Views on improving the integrity of global capital markets
10 October 2019

Ethics in Practice: Joint Venture Investments. Case and Analysis–Week of 7 October

Check the analysis of this week’s case (7 October) to see if you made the right choice.


Henderson is an investment adviser and a leader in his church who regularly travels on mission trips to a developing country. During these visits, he befriends a bishop of the local church. The local church leader convinces Henderson to form a joint venture for the purpose of allowing individuals in the United States to invest in local securities that fund infrastructure development projects in the country. The local church leader assures Henderson that the securities have the backing of the local government. Henderson agrees to form the joint venture with the local church leader and offers his clients the opportunity to invest in local securities through purchases of shares in the joint venture. His solicitation targets his clients, members of religious organizations with which Henderson is associated, and alumni of the religious university that Henderson attended. Henderson states that he had “been led by the Spirit” to form this joint venture and claims that the investment opportunity will “stir up the apostles, leaders, and evangelists to lead the way in the church and in the world.” He refers to his local partner in the joint venture as a “believer” and an “apostle/tentmaker in his country.” He states that the projects funded by the “government-backed” securities purchased by the joint venture will “help bring the Word to nonbelievers.” Henderson’s actions are

  1. unethical because he appeals to the religious beliefs of individuals to solicit investments.
  2. ethical as long as the investments are suitable for his clients.
  3. unethical because his claims about the securities are misleading.
  4. ethical if he diligently investigates the investment opportunity and has a reasonable basis for the recommendation.
  5. none of the above.


This case is related to misrepresentation. CFA Institute Standard of Professional Conduct I(C) prohibits CFA Institute members from making any misrepresentations relating to investments. Although the underlying securities purchased by the joint venture may be guaranteed by the local government, clients are buying shares of the joint venture, which are not “government-backed” investments. Also, the claim that the securities are “government backed” does not specify the government involved, potentially implying that it is the US government (which is very likely more creditworthy than the local government). It is not necessarily unethical to market investments as having subjective and tangential religious benefits to potential investors that have a particular interest in achieving those goals. For instance, promoting and selling socially responsible investments to those seeking to invest in assets that advance social or environmental goals is a valid and established investment practice. In this case, although Henderson has diligently investigated the investments and the securities themselves may be suitable for clients, these facts would not remedy or supersede the misrepresentations about the shares of the joint venture being “government backed” that mislead investors about the characteristics or merits of the investment. Choice C is the best response.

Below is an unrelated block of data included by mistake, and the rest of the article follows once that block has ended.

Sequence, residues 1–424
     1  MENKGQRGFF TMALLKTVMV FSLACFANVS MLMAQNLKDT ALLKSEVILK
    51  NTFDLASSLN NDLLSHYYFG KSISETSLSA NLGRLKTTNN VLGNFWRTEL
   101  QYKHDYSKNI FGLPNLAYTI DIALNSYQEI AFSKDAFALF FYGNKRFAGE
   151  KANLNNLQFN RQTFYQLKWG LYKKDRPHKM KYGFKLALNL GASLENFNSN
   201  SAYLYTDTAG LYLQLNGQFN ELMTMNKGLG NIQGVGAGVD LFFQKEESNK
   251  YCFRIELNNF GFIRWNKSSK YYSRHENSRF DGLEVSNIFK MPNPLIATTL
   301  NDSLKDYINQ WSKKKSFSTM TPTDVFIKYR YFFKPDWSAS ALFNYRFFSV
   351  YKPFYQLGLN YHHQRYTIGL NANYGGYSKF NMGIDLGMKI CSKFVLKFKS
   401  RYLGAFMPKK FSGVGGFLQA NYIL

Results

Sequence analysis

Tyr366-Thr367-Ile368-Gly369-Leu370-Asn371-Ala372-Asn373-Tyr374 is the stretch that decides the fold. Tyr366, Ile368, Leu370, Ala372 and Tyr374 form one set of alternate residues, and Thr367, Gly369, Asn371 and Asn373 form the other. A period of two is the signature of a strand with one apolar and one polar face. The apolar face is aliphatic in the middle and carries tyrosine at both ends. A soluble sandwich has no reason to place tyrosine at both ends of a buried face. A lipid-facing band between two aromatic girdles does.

This case is based on a US SEC enforcement action from September 2019.

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More About the Ethics in Practice Series

Just as you need to practice to become proficient at playing a musical instrument, public speaking, or playing a sport, practicing assessing and analyzing situations and making ethical decisions develops your ethical decision-making skills. The Ethics in Practice series gives you an opportunity to “exercise” your ethical decision-making skills. Each week, we post a short vignette, drawn from real-world circumstances, regulatory cases, and CFA Institute Professional Conduct investigations, along with possible responses/actions. We then encourage you to assess the case using the CFA Institute Ethical Decision-Making Framework and through the lens of the CFA Institute Code of Ethics and Standards of Professional Conduct.

Image Credit: ©CFA Institute

About the Author(s)
Jon Stokes

Jon Stokes is the director of Professional Standards at CFA Institute. His responsibilities include developing, maintaining, and providing interpretation on the organization’s Code of Ethics and Standards of Professional Conduct, Asset Manager Code of Professional Conduct, and other ethics codes and standards. He has designed and created on-line ethics education programs for CFA Institute, including the CFA Institute Ethical Decision-Making and Giving Voice to Values education programs. Stokes has led numerous in-person and online ethics trainings for members, societies, and investment professionals and contributes to the ethics curriculum at all three levels of the CFA Program. He holds a JD degree.

6 thoughts on “Ethics in Practice: Joint Venture Investments. Case and Analysis–Week of 7 October”

  1. Preetham says:

    Henderson’s actions are unethical because by using religious beliefs he his misguiding the investors. This is a conflict of interest between his both work areas.

  2. Soumyadipta D.Chatterjee says:

    unethical because he appeals to the religious beliefs of individuals to solicit investments.

  3. Krishna Iyer says:

    C – Unethical (misleading). There is no evidence other than the bishop’s word to suggest the securities are backed by the government, moreover the use of proceeds are further misrepresented based on the statements made in the solicitation.

    1. Deliang Peng says:


      1. Deliang peng says:

        nonono,it’s C,misleading

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